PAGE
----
Directed by Callie Khouri who wrote the Academy-Award winning script for ‘Thelma & Louise’, ‘Patsy & Cline’ forego the difficult moments in the singers’ lives to focus on their friendship
By Neetha K
Published on : 17:30 PST, Oct 19, 2019
Patsy Cline and Loretta Lynn are two of country music’s most iconic legends. Cline passed away in an airplane crash at the age of 30, leaving behind her husband, Charlie Dick, her two children, and the women she looked out for in the music industry. While Lifetime’s latest offering, ‘Patsy & Loretta’, highlights the friendship between Cline and Lynn, Cline was also friends with country singers Dottie West, Jan Howard, and June Carter Cash. The people she left behind made sure her legacy stayed alive long after her death.
It is Cline’s and Lynn’s daughters who have produced the film together. Julie Fudge, Cline’s daughter, was only four years old when her mother passed away and Patsy Lynn Russell — born after Cline’s death — was named after the singer by her mother, Loretta Lynn. Based on a script from Angelina Burnett (‘Memphis Beat’), the movie was directed by Callie Khouri, who won an Academy Award for writing the screenplay of ‘Thelma & Louise’. ‘Patsy & Cline’ does not just borrow the styling of the name from the 1992 movie but also evokes the journey of female friendship from the iconic movie.
The Lifetime movie begins in 1957 when Patsy Cline (played by Megan Hilty) was already a major singer with hits such as ‘Walking After Midnight’ and ‘I Fall to Pieces’, while Loretta Lynn (played by Jessie Mueller) was a young mother writing songs and playing on her $17 guitar. This is also the year Patsy met her second husband, Charlie Dick (Kyle Schmid). The movie then goes to 1961. After Patsy is involved in an automobile accident and is recuperating, she hears Loretta cover her song, ‘I Fall to Pieces’ on the radio and wants to meet her.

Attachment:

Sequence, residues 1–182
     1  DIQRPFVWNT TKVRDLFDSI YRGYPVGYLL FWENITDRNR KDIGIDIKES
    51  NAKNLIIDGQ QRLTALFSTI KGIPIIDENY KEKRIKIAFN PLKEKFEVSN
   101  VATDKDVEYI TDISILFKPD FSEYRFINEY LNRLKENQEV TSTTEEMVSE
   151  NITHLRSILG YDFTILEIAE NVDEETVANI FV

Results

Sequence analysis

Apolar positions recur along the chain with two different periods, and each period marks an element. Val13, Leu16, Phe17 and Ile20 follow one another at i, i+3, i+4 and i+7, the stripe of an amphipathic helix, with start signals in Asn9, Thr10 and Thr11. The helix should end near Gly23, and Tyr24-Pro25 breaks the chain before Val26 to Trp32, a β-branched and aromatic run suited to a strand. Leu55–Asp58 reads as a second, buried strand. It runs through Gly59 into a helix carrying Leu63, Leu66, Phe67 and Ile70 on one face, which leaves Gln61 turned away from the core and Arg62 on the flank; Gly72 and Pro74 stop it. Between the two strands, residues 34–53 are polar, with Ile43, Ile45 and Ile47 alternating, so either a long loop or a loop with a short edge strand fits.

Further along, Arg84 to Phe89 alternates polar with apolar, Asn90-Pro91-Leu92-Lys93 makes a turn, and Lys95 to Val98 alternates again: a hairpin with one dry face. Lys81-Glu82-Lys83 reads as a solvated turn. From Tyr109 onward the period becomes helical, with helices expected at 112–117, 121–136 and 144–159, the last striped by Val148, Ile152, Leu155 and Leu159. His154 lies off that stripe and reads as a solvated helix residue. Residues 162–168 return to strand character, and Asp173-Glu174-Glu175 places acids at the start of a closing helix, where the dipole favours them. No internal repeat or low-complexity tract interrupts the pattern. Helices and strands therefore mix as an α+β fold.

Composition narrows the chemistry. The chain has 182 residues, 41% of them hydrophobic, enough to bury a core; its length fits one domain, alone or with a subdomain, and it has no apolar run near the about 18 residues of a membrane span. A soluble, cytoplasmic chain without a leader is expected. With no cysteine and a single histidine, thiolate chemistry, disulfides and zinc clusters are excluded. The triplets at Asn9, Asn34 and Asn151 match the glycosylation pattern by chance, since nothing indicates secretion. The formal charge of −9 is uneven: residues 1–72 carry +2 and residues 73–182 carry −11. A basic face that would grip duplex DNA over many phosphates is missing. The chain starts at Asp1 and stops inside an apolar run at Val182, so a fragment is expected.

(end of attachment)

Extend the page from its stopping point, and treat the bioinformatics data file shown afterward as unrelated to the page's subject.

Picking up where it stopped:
Loretta comes to the hospital to visit Patsy, thinking the latter might be angry she covered her song — but this is where the beautiful friendship began. Patsy tells her she was touched by Loretta’s singing and the two begin to hang out. While Patsy recovers, Loretta’s songs start to get famous as well and she’s invited to perform at shows and tours. Patsy makes sure that Loretta knows to perform only after being paid — in a scene in the movie, Patsy makes sure the owner pays up before Loretta walks on to the stage — and to be prepared for going on tour with men.
The movie might be disjointed but it tries to fit in many moments between the two singers from here on out — both Patsy’s and Loretta’s issues with their husbands, Loretta’s worries about having more children, and then, of course, the pain of leaving their kids behind while they go on tour to perform around the country. The many conversations and soft moments that we don’t normally pay attention to feature as the best scenes in the film. We also get a small scene featuring Dottie West, Jan Howard, and June Carter.
We all know what’s coming, but the movie makes sure to let the audience realize that when Patsy’s leaving for her benefit concert, saying goodbye to her family, that she will not be coming back. After the tour, all she wants is to get back home to her family. She gets on the airplane and it takes off into the cloudy skies. The next scene is everyone at her funeral. Later, Loretta checks on Charlie who is broken, but she helps him get back on his feet.
The movie then goes to 10 years later in 1973, where Loretta is performing. It’s a beautiful performance and she is joined by a memory or a ghost version of Patsy as the two sing together. Patsy and Loretta never got to perform together in real life, and this moment feels heartbreaking. We then see Loretta calling in her daughters for dinner — Peggy and Patsy who were born in 1963. After they go in, she sees a ghost version of Patsy standing far away. Loretta waves back to her and goes back to her house. This particular moment felt too much and a little unsettling. The one scene with the performance was enough and this just feels like overkill.
Hilty’s performance as Patsy Cline is one for the books and she easily evokes the persona and aura of the singer while Mueller’s Lynn feels softer than her real-life counterpart. It is probably because the movie wanted to focus on the conversations between Patsy and Loretta that the scenes of anguish and grief are cut short. That makes us think the story could have been better told in a miniseries format. With what it’s done, however, ‘Patsy & Loretta’ is a good movie focusing on female friendship and would count as the perfect addition for Girls’ Night.
Patsy & Cline’ aired on Lifetime on October 19.
Megan Hilty as Patsy Cline
Jessie Mueller as Loretta Lynn
Kyle Schmid as Charlie Dick
Joe Tippett as Doolittle Lynn